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Subject and co-producer, That Guy Dick Miller
You’ve seen Dick Miller in all sorts of movies. He’s the crusty, capable guy in literally dozens of films, standing out because of his no-nonsense attitude and distinctive Bronx rhythms. And now he’s being celebrated in That Guy Dick Miller, a documentary tracing his path through half a century of American genre cinema. And you know what? The guy deserves it.
I spoke to Miller and his wife, Lainie (who co-produced the doc), in advance of this week’s Toronto premiere.
I can’t tell you how great a pleasure it is to talk to you. I grew up watching you in Roger Corman’s movies.
DICK MILLER The past seems to live forever. These pictures, the stories hold up, even if they show a lack of money and production values. But they manage to hold up over 60 years, so it’s quite a thrill.
Well, as the documentary points out, it’s not like the actors were phoning it in. Everybody’s doing their best to sell the story, whether it’s biker gangs or ghosts or man-eating plants.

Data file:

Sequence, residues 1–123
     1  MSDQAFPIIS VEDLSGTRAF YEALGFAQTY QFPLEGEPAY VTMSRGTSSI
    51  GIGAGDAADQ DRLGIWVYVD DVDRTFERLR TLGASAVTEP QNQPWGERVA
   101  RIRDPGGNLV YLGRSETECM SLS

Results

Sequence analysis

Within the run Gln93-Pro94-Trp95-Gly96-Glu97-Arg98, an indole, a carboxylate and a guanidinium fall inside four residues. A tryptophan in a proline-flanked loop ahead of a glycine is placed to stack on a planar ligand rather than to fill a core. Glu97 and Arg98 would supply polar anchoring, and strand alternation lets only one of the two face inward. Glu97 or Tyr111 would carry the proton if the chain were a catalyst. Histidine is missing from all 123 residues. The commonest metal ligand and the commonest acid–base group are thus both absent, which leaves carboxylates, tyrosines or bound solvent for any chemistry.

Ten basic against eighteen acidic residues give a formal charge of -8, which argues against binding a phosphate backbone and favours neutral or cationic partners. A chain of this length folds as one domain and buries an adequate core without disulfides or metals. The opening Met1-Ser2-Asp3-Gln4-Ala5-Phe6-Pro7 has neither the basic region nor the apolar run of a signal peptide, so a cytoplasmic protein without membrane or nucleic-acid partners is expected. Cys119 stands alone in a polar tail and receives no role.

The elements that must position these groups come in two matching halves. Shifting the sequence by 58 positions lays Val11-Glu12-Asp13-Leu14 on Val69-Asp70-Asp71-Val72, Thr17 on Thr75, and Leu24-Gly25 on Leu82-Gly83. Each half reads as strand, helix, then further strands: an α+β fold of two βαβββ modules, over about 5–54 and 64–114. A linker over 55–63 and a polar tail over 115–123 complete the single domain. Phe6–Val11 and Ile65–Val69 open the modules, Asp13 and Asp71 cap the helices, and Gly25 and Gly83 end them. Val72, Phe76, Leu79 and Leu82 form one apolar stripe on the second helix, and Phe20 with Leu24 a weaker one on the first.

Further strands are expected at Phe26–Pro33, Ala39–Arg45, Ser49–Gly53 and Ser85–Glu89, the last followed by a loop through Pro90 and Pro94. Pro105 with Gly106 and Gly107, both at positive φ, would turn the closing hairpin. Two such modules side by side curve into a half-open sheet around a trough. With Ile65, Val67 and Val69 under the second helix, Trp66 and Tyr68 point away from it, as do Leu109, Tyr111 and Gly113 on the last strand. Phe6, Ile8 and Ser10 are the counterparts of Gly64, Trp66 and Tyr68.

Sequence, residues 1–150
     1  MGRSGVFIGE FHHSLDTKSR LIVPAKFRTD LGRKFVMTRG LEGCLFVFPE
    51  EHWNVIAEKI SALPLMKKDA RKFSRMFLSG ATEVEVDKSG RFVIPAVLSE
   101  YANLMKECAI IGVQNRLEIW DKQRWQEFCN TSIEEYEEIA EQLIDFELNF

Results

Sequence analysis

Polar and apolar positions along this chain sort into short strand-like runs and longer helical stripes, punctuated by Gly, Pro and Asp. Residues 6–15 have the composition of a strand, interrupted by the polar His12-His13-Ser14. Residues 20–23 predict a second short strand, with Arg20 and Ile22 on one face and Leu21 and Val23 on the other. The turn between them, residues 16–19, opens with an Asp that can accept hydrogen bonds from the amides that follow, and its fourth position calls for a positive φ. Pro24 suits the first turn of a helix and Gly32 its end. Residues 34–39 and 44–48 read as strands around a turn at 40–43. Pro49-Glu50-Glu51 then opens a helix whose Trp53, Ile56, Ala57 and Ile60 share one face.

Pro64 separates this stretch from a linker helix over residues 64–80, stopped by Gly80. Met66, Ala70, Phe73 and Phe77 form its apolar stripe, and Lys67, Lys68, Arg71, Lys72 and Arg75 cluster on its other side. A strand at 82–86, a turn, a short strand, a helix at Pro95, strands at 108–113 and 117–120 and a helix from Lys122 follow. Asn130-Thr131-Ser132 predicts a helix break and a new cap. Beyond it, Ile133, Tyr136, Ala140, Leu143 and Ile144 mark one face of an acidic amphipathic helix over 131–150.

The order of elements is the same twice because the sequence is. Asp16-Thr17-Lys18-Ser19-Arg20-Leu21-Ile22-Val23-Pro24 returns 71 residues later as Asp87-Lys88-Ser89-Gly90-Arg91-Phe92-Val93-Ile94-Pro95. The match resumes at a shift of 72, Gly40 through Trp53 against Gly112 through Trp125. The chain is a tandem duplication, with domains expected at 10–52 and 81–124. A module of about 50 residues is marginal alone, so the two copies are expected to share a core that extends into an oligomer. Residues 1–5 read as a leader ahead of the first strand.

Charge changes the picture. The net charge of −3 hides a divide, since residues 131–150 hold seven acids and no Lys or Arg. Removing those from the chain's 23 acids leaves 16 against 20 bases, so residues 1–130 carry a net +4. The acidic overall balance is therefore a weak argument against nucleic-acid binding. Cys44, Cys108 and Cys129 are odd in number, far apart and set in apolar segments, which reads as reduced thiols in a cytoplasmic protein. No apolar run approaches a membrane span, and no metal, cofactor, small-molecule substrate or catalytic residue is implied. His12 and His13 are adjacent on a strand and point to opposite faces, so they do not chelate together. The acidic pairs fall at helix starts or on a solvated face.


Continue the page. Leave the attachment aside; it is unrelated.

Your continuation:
DM I always thought Roger Corman did his best work in casting a picture and then letting the people go [at it]. The performances hold up.
And you did so many of them.
DM We did a check for the AFI, and I found out there were 49 projects that I worked on with Roger. It just went on and on and on. He cast them quick, he shot ’em quick, they were out – and in two months they were [gone]. But fortunately they came back. It seems like almost all of ’em have some kind of second life.
Is there anything you’re chasing now? Or are you really thinking of retirement, as you suggest in the documentary?
LAINIE MILLER When someone calls here, if he answers the phone he says, “I’m retired,” and hangs down the phone. If I answer the phone I say, “Send us a script, we’ll look at it and we’ll let you know.” I seriously think he’s better off working than not working, because he still cares very much, and I think it’s good for him.
Now you’ve become an icon for a new generation of film geeks thanks to your appearances in movies like The Howling, The Terminator and Gremlins.
DM Yeah. Well, they know who I am now, but for years and years and years nobody knew anything about me.
LM I always knew.
DM Well, you’re sweet [laughter].
The Millers will be at the Carlton Cinemas for Q&As after Friday and Saturday nights’ screenings and will stick around for special presentations of A Bucket Of Blood on Friday and The Little Shop Of Horrors Saturday.
Dick Miller (and Lainie Miller) on being the guy who had to explain the plot of Roger Corman’s famously incoherent The Terror.